Former First Lady Rosalynn Carter will receive the UCSF Medal - the University’s highest honor - at a special event May 22 in recognition of her work on mental health issues and advocacy on behalf of people with mental illness.
Equivalent to an honorary doctorate given by many universities, the UCSF Medal is given annually to individuals who have made outstanding personal contributions to the health sciences and whose efforts mirror the goals and values of the university.
Carter brought mental illness to the forefront of the national agenda over 30 years ago, and she has continued as a visible and active leader in the field. As First Lady of Georgia and the United States, she has pushed for reform on several mental health issues, including reducing the stigma, parity for treatment options and payment by insurance providers, greater research on the brain, better access to improved mental health services, and early intervention for children.
Today she continues her work through mental health initiatives at The Carter Center in Atlanta, Ga., the Rosalynn Carter Institute, the Rosalynn Carter Symposia on Mental Health Policy, and an endowed chair in her name at Emory University. She serves on numerous boards and commissions related to mental health, and her honors include the U.S. Surgeon General’s Medallion.
Carter will receive the medal from UCSF Chancellor J. Michael Bishop at a luncheon on Thursday, May 22. The event is scheduled for 11:30 am at the Fairmont Hotel in San Francisco, and Carter will make her remarks at about 12:50 pm
The event is hosted by the Friends of Langley Porter, a not-for-profit organization that provides grants to the UCSF Department of Psychiatry and Langley Porter Psychiatric Institute for research, patient care, and educational programs.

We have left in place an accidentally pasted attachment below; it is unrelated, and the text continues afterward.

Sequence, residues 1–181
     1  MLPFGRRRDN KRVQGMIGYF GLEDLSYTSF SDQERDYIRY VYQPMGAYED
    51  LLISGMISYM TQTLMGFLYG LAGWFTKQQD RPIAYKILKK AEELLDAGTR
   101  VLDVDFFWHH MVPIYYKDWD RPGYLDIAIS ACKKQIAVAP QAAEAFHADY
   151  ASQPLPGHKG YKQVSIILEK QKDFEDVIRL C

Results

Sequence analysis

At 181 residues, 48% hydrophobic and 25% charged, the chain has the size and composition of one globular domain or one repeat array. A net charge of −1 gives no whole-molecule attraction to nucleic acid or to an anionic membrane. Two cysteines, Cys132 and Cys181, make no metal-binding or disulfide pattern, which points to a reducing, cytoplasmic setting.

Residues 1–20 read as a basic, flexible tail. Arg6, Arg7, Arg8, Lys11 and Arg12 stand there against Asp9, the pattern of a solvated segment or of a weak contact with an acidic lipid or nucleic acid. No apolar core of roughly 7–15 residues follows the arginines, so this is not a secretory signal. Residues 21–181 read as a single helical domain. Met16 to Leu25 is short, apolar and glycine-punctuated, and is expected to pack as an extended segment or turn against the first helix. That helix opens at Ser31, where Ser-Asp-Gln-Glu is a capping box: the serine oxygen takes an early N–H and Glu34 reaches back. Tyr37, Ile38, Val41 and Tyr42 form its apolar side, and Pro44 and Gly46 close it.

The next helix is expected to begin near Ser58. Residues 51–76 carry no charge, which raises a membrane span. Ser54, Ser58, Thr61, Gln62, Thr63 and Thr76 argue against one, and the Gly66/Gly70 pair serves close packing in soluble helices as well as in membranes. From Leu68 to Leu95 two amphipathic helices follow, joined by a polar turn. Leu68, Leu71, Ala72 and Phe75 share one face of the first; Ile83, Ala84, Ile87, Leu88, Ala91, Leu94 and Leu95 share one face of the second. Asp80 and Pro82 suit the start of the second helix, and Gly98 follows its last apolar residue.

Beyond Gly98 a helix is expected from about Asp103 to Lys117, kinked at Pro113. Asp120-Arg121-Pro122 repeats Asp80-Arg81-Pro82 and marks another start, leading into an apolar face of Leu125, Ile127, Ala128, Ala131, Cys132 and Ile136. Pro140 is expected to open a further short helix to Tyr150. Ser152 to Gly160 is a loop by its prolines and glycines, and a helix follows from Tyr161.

Carter is one of five persons to receive the UCSF Medal this year. The other recipients, who were honored last month, are:
• T. Robert Burke, a real estate leader who assisted in planning and developing the UCSF Mission Bay campus. As co-founder and director of AMB Property Corp., a real estate investment firm, Burke served on the Board of the Bay Area Life Sciences Alliance, which assisted UCSF officials in planning and developing the teaching and research campus at Mission Bay.
• Richard N. Goldman, an American philanthropist and Bay Area civic leader. Goldman has consistently demonstrated an outstanding commitment as a world citizen by supporting international, national and local organizations, including medical education, research, patient care and health projects at UCSF.
• Nancy Hopkins, PhD, a professor at the Massachusetts Institute of Technology and champion of gender equity in academia. Amgen Professor of Molecular Biology at MIT and a member of the Institute of Medicine, she is noted for her work uncovering gender inequities among faculty at MIT and speaking out about the issue at universities across the U.S.
• Charles B. Wilson, MD, DSc, MSHA, a renowned neurosurgeon and professor emeritus who served more than 30 years as a leader at UCSF. A senior member of the Institute of Medicine of the National Academy of Sciences, he has been a member of the UCSF faculty since 1968, serving as chair of neurosurgery and founding director of the UCSF Brain Tumor Research Center.
Proceeds from the luncheon will benefit the Children’s Center at Langley Porter, a unique regional resource dedicated to the early diagnosis and treatment of a child’s emotional, psychiatric and medical needs.
NOTE TO MEDIA: Contact Eve Harris in the UCSF News Office at 415-885-7277 if you would like to cover the event or arrange interviews. Availability includes Craig Van Dyke, MD, director of Langley Porter Psychiatric Institute; and Glen Elliott, MD, PhD, director of the Children’s Center at LPPI.